Visit boroughmarket.org.uk for more recipes

@boroughmarket



Visit boroughmarket.org.uk for more recipes

@boroughmarket


GUIDE TO: SALT CURES Angela Clutton

I have to say, my recent attempt at curing a row of pork tenderloins sadly came to nought. Complete disaster. If this seems like it’s not the most auspicious start to a guide to curing food, stick with me. Salt as a preservative draws out moisture that would otherwise enable the growth of the type of bacteria that makes things go off. So far, so similar to what drying does to, say, pulses or tomatoes. Salt, though, does even more than just get the moisture out. It travels the opposite way to get into the flesh of the meat or fish and encourages the growth of good, harmless bacteria, while enhancing the flavour. Add sugar, herbs and spices to the salt cure and the flavours get even better. It is obvious what a huge boon that would have been to families in days gone by, who needed to find ways to preserve the meat from their livestock. All kinds of cuts were cured with salt, before being air-dried or smoked into something delicious. Beef topside becomes bresaola. Venison haunch becomes biltong. Duck breast makes a fine prosciutto. Autumn used to be the traditional time for slaughtering pigs and curing was one of the most useful ways of making sure none of the precious meat went to waste. Think of cheeks into traditional bath chaps, shoulder into speck and, yes, tenderloins into salumi. In my defense, it was the air-drying where the wheels came off for my tenderloins. The curing stage was no problem, but to air-dry cured meat you need the temperature to be around 10-18C, have high humidity, and a flow of air. If I lived in a draughty old place, chances of Visit boroughmarket.org.uk formy more recipes

successful air-drying would have been pretty good – I don’t, so despite my best efforts, it was too warm. The pork dried too fast on the outside and barely at all inside. If you do have some draughty windows or a proper basement / cellar, then I hope you will think about having a go at curing and air-drying some meat. I have to accept that my charcuterie will continue to come from the Market (no bad thing, that) and turn my curing attentions elsewhere – definitely to pork belly, which can be easily home-cured into streaky bacon, so long as you have a good piece of meat and a fridge. No air-drying needed. I can also be sure of success preserving lemons or limes in salt for a month or so. They’ll be lovely in all kinds of north Africaninfluenced dishes. Gravadlax is another curing favourite. ‘Grav’ from the Scandinavian word for ‘buried’ referring to how the salmon (‘lax’) used to be salted and preserved in a hole. I’ll choose it every time over a smoked salmon. Most such oily fish take well to curing, far more so than white fish, therefore making salt cod a bit of an anomaly, but who cares when it’s so tasty. For those living in the heat of the Mediterranean sun, salt cod became a staple ingredient long before refrigeration arrived. The cod is so dried-out after salting that it needs to be rehydrated before use. Salt cod’s enduring popularity – as with so much cured produce – is testament to just how delicious the impact of salting is. So good, I’ll carry on curing anything the confines of my London flat will allow. @boroughmarket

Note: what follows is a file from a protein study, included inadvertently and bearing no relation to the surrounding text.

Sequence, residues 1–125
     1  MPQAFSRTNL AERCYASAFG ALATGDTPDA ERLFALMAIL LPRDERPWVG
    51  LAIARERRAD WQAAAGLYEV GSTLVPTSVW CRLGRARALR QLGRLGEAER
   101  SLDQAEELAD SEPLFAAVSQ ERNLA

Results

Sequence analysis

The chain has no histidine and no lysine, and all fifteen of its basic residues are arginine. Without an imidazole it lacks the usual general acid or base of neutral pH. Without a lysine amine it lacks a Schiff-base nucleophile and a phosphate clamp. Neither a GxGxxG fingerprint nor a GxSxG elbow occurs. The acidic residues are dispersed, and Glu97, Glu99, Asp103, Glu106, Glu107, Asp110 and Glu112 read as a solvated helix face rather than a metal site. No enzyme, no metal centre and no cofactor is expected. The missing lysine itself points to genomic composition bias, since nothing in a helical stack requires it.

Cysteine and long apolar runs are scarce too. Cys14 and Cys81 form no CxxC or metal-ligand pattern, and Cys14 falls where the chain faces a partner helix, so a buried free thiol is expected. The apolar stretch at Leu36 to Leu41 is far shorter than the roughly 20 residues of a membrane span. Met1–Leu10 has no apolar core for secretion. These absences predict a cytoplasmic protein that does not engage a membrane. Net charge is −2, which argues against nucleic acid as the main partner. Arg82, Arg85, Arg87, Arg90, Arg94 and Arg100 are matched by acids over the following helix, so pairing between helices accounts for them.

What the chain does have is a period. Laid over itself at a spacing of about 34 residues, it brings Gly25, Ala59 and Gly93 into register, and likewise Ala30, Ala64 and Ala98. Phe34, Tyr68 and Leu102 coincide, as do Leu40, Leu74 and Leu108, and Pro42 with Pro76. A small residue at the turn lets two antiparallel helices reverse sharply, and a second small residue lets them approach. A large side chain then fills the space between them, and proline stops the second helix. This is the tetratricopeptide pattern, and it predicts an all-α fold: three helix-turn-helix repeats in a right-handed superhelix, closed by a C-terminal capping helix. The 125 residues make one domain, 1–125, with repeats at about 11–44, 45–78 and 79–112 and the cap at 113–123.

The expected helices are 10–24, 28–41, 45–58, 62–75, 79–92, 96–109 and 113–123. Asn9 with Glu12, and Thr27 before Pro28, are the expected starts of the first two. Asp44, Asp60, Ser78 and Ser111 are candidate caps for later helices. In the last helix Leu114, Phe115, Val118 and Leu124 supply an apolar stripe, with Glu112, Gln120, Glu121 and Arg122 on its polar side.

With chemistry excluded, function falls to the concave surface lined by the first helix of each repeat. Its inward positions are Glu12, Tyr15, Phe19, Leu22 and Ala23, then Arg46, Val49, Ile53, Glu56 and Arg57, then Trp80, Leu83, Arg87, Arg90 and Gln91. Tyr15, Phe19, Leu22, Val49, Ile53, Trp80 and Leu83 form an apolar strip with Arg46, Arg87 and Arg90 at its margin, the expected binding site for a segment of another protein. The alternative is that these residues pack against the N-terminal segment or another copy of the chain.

BOURBON & CORIANDER SEED GRAVADLAX Angela Clutton Serves 10-12 as a starter, 6 as a lunch

Method

Delicious, silky slices of salmon that are really versatile, whether on rye for lunch, as a canapé or starter, or with scrambled eggs.

Run your hand over the salmon to check for bones. Trim off any very thin ends – they will overcure and be inedible. Cut the salmon in half and sit the pieces side-by-side, skin side down, in a large piece of foil. Pour the bourbon over the fish, rubbing it in gently. Crush the peppercorns and coriander seeds, then mix them in a large bowl with the salt, sugar and dill.

Ingredients 1.2kg very fresh salmon fillet 50ml bourbon 1 tbsp mixed peppercorns 1 tbsp coriander seeds 70g course sea salt 70g unrefined caster sugar 40g dill, roughly chopped 1 orange

Cut six broad strips of peel off the orange, taking as little pith as possible. Put three on each piece of salmon, giving the peel a squeeze to get its oils going. Smear the cure mixture all over one piece of the salmon. Lift up the other piece and sit it on top of the cure, skin-side up – the cure is effectively sandwiched between the two flesh sides of the fish. Make sure any exposed bits of salmon get some cure over them. Wrap tightly in the foil and sit in a baking dish with a chopping board on top and four tin cans on top of that to weigh it down. Leave in the fridge for 2-3 days (at the lower end of the time if it’s a thin tail piece). Turn the parcel over occasionally to ensure even distribution of the cure. Unwrap the parcel and scrape off the salt. Unsliced and wrapped in clingfilm, the cured salmon will keep for a week in the fridge.

Visit boroughmarket.org.uk for more recipes

@boroughmarket



Visit boroughmarket.org.uk for more recipes

@boroughmarket


GUIDE TO: PRESERVING FRUIT Angela Clutton